Each semester, the IETF awards four $1,000 college scholarships to students who have essential tremor through its Catherine S. Rice Scholarship Fund. As part of the application process, students are asked to write an essay on the topic, “how essential tremor has affected my life.” The following essay is from one of our fall 2021 scholarship recipients.
By Reed Podoll,
Kansas State University,
“Hey, are you ok? You seem a bit nervous.” This question was brought up extensively throughout my childhood years. It seems odd, but it was because I had been diagnosed with essential tremor at the young age of two, which causes my hands to involuntarily and endlessly shake, amplified through stress or focus. The first part of that question stuck with me throughout the years: “Am I ok?” Or more accurately, “Am I ok with this?” Though I dreaded it at the time, what I didn’t realize is that essential tremor played a huge role in shaping who I am today.
I initially had to look to my father for guidance, since he has essential tremor, too. His help became crucial during the early years of school, as learning to write and type became difficult because of my essential tremor. He taught me to slow down and remain calm to keep the jittering to a minimum. That advice has stuck with me over the years. But as I got to middle and high school, I found that not everyone was as accepting of my essential tremor.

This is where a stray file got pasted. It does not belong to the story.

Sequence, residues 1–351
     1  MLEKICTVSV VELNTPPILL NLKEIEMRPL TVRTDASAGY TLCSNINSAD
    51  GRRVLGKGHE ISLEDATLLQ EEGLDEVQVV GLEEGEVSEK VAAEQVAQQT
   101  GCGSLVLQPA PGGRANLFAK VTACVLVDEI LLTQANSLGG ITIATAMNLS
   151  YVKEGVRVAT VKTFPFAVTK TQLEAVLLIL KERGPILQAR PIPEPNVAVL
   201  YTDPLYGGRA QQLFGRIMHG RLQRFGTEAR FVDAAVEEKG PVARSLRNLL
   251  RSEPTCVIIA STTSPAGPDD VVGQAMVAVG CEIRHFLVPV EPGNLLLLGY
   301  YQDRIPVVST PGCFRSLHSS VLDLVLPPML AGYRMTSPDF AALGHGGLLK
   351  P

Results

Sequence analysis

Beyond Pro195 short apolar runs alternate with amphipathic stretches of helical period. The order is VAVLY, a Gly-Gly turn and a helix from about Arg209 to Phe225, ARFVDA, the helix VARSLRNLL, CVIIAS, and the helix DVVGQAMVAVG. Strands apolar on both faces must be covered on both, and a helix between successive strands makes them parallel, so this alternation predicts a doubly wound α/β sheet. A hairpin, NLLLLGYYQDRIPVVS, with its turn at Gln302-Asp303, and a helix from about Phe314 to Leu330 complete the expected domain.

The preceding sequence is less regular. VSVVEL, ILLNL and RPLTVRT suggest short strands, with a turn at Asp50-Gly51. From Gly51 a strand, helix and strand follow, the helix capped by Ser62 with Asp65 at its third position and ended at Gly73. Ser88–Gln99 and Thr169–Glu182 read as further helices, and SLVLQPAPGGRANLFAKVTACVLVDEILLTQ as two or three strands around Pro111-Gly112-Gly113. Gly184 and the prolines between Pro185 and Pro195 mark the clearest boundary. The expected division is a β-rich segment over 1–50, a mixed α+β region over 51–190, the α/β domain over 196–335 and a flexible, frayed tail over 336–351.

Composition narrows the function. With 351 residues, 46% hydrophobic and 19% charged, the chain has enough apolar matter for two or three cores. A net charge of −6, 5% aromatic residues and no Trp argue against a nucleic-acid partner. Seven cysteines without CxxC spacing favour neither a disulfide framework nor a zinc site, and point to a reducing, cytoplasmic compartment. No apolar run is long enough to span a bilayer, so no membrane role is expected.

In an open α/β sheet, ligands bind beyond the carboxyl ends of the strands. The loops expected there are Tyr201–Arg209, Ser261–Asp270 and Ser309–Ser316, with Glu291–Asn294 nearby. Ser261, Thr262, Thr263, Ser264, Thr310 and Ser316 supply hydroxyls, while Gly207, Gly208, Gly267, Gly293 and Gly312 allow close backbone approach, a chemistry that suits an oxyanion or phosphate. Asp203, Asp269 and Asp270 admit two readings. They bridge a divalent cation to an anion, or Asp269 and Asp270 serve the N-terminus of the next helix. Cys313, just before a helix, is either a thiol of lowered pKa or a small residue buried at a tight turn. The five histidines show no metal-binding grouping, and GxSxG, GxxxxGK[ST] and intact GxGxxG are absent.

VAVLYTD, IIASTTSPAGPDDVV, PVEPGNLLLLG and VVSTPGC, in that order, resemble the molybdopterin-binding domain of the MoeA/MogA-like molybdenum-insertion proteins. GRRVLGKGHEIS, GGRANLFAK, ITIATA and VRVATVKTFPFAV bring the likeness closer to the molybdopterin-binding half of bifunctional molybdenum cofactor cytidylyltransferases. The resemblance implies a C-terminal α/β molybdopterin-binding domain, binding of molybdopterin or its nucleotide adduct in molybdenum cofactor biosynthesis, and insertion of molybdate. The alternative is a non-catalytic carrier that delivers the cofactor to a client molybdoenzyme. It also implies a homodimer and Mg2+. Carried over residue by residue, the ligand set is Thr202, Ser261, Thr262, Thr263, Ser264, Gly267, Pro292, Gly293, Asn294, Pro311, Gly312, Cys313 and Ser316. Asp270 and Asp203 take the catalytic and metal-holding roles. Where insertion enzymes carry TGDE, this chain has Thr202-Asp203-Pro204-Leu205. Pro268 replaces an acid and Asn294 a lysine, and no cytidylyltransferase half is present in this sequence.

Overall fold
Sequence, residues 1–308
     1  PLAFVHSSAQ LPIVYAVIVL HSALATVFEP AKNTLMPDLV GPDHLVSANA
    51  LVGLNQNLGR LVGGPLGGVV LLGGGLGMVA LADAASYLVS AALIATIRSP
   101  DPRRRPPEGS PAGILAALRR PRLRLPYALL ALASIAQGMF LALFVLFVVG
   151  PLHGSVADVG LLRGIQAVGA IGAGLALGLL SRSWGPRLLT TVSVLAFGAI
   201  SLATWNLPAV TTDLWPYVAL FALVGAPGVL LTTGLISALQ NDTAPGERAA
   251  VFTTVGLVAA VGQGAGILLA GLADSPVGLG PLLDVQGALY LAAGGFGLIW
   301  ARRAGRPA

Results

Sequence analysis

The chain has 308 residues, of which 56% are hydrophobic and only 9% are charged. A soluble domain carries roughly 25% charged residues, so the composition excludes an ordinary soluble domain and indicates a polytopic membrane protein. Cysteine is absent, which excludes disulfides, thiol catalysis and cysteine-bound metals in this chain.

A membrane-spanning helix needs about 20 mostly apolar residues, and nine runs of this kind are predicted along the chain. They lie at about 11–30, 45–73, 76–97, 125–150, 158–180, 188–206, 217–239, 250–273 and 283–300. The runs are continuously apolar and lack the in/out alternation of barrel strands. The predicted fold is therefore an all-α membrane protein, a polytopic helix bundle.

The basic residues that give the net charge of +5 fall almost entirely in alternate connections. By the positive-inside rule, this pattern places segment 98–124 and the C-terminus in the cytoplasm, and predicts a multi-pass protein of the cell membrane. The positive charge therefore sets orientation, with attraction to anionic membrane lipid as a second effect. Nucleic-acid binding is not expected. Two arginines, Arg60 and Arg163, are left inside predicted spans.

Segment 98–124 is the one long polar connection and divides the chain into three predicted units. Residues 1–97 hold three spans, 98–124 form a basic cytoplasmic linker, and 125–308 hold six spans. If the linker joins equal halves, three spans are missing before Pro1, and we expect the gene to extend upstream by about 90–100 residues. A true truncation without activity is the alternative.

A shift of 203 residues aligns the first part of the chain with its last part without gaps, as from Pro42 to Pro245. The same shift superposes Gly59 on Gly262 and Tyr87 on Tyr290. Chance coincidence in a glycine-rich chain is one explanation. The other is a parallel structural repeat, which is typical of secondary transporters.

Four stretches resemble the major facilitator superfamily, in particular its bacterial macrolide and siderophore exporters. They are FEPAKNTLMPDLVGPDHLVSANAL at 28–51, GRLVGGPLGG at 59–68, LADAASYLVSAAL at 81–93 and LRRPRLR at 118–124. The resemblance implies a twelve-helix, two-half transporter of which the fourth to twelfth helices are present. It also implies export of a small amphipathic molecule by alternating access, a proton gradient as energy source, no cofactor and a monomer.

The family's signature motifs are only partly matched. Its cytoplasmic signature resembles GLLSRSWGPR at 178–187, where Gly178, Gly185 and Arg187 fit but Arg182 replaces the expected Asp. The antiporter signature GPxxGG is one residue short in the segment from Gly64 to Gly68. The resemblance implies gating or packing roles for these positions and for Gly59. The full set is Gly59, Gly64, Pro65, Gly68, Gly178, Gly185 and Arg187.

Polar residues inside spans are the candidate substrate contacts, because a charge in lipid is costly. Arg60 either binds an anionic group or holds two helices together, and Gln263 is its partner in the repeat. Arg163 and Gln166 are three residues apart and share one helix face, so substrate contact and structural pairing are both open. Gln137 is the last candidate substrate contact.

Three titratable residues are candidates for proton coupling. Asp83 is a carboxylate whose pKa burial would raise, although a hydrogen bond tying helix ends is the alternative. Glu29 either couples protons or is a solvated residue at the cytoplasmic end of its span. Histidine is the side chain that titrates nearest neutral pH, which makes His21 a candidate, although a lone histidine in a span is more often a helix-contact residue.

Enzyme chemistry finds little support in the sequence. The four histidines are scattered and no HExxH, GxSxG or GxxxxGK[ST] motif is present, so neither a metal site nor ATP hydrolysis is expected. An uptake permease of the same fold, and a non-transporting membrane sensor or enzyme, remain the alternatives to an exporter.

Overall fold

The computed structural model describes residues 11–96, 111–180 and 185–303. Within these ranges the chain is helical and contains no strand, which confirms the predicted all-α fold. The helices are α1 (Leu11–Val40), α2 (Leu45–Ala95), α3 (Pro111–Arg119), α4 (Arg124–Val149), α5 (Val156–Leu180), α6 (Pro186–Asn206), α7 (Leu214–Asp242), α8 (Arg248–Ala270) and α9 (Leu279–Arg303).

During eighth grade, I decided to take an art class, even though I knew I’d be at a disadvantage. I was inspired by the sketches my mother would do. Though I had explained my situation to the art teacher at the beginning of the semester, when it came time for the 3-D design project, I was told my lines weren’t “straight enough” and I received a lower grade because of that. This wasn’t the only time something like this happened, as during my sophomore year I had been tasked with filling out event guides for the student council. I had put hours into making sure they were as accurate as could be, but ultimately that time was wasted when the staff members said the handwriting was “messy and unprofessional” so they wouldn’t look at them.
When it came time to find a career to pursue, I wanted to go into radiology like my grandfather, but was denied as I needed fine-motor skills. I could have given up there, but I decided to find the best way to still stay in the medical field and found biomedical engineering. It was through pursuing this new goal that I discovered my love for biology and math, which I didn’t know I had. I now had the drive to push myself further than before, with plans on track to finish calculus 3 by the end of my senior year.
After touring the Carl R. Ice College of Engineering at Kansas State University, I plan to attend their biomedical engineering program with a focus on sensors and devices. The money from this scholarship will help me to be able to afford the costs associated with living in the dorms, so I may meet and encourage other students who may have gone through the same experiences I have.
Do you want to help support students with ET during their educational journey? Make a donation to the ET scholarship fund online.